Richmond. Sept: 7th. 1807. monday night.
By the northern mail of this afternoon, I received your letter of the 4th. inst. Your directions with respect to the evidence shall be obeyed. If the testimony is not delivered in Court, I will do whatever is practicable to obtain the affidavits of the witnesses. There are some, who will not, I am persuaded, communicate what they know except in Court. I allude to Dupeistre. Swartwout. Spence. and men of that Stamp. This however is not much to be regretted. Men who are base enough to unite in So vile a confederacy will not speak truth.—
A printed Copy of the opinion of the C. Justice, will, I presume be sufficient, if accompanied by an affidavit from the Editor. that it was taken from the original Ms. furnished by the C.J. himself, and that the proof Sheets were corrected by him.
Your acknowledgement that my colleagues & myself have done our duty, is highly grateful for my feelings. to theirs, when communicated, it will be equally acceptable. But my duty is not yet ended. The late decision presents to the U:States, Several Subjects, entitled to the most Serious consideration. It is time that we should know whether the Com: law of England is in force under the Government of the U.S. or not. Upon this point the C. Justice expressly declares that he gives no opinion, and then very deliberately proceeds, to resort to the common law, as the Substratum, (to use his own word) of his argument and decision. When this discussion is terminated, the regularity of the motion to Arrest the evidence may be effectually controverted, and his opinions, especially on the three last points Stated by himself, clearly refuted. If my health will permit, and time can be taken (from business almost ruined by the preposterous length of this prosecution), I will endeavor to make a few remarks on these topics, in language, which every man, who can read, shall understand.—What I shall say will be intended for the people. Men of information will fully comprehand the Subject, (perhaps) from the arguments which preceded the decision.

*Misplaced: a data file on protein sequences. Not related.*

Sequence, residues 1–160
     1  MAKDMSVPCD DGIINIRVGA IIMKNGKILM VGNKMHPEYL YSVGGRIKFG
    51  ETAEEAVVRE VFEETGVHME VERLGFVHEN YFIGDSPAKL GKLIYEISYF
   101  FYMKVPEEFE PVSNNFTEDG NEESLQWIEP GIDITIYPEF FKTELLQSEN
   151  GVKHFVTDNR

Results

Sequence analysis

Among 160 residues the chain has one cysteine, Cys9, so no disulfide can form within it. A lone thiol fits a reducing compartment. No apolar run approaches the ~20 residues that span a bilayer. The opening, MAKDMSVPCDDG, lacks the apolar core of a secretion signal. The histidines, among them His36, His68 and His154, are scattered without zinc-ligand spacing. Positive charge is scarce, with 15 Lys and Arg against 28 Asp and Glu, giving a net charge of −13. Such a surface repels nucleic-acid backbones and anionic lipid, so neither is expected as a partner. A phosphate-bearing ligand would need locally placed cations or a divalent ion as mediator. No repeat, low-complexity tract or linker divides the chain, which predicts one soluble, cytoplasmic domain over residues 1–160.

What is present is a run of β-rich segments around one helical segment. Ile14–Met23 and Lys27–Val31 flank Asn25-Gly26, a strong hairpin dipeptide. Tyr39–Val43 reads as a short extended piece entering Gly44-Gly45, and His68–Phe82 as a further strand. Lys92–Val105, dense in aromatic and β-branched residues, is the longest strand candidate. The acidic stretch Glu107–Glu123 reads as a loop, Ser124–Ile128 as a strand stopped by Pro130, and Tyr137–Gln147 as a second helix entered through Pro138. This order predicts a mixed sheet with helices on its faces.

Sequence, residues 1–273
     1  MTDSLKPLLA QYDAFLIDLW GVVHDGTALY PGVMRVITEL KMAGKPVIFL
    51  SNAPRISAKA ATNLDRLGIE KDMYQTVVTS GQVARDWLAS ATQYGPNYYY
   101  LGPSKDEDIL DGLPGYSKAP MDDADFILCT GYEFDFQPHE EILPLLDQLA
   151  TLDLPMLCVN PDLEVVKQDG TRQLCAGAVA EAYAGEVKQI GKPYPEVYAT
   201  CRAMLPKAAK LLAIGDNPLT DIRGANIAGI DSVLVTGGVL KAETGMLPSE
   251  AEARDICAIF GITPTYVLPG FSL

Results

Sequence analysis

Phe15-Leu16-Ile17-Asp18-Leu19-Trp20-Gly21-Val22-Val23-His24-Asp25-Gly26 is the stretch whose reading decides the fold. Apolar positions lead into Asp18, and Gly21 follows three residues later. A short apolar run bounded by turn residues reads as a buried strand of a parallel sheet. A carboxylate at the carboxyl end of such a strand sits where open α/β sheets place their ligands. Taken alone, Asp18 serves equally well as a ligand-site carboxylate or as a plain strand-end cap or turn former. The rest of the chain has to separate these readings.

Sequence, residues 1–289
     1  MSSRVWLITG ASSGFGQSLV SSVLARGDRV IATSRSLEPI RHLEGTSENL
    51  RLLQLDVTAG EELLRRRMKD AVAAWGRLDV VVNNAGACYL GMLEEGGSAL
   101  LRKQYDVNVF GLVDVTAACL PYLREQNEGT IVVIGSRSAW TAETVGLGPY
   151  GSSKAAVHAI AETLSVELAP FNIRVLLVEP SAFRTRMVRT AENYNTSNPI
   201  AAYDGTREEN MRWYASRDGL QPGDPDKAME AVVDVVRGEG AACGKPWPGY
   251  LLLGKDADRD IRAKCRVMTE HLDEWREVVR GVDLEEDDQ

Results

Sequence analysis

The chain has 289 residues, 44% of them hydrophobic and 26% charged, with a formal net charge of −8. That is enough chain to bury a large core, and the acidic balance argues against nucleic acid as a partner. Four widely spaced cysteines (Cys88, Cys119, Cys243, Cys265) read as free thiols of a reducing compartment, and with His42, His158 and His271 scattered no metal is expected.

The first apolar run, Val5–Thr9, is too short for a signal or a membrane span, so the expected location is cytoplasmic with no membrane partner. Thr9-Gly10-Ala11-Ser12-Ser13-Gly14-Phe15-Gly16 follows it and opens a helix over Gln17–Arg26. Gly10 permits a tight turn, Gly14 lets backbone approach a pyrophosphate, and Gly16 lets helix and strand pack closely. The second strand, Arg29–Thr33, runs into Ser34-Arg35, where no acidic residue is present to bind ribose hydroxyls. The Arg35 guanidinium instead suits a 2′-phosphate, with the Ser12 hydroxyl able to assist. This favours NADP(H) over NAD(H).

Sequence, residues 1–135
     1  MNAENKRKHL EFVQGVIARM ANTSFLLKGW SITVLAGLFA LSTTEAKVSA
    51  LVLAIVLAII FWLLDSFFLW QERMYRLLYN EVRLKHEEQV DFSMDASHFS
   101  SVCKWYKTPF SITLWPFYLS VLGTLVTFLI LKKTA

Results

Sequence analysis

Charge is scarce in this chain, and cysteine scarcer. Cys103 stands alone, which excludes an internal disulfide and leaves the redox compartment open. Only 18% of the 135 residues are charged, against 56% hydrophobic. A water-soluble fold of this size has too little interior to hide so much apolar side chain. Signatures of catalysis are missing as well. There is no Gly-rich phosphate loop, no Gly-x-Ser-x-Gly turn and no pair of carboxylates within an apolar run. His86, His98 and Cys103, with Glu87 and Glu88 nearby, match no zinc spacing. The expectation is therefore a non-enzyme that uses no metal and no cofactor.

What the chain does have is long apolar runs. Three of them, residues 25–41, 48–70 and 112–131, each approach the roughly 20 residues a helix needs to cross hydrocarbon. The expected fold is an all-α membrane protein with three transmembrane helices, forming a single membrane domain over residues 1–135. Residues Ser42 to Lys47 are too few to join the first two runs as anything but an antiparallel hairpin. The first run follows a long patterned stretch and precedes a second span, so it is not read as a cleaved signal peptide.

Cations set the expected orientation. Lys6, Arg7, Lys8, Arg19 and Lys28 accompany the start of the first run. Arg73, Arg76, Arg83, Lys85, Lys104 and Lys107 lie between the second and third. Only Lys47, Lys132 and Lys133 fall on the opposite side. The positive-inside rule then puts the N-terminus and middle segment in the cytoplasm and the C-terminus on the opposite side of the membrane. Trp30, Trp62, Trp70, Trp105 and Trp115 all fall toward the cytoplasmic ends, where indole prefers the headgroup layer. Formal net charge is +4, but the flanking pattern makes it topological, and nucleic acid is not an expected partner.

I intended to have written to you more at length on the Subject of this decision, and our proceedings here; but I speak truth, when I say, that I have scarcely been able to find time to write this letter, in which I have been already interrupted a dozen times.
I sent an express to you on Saturday. I anxiously await his return.——Permit me to offer you my most sincere and profound respect.—
DLC: Papers of Thomas Jefferson.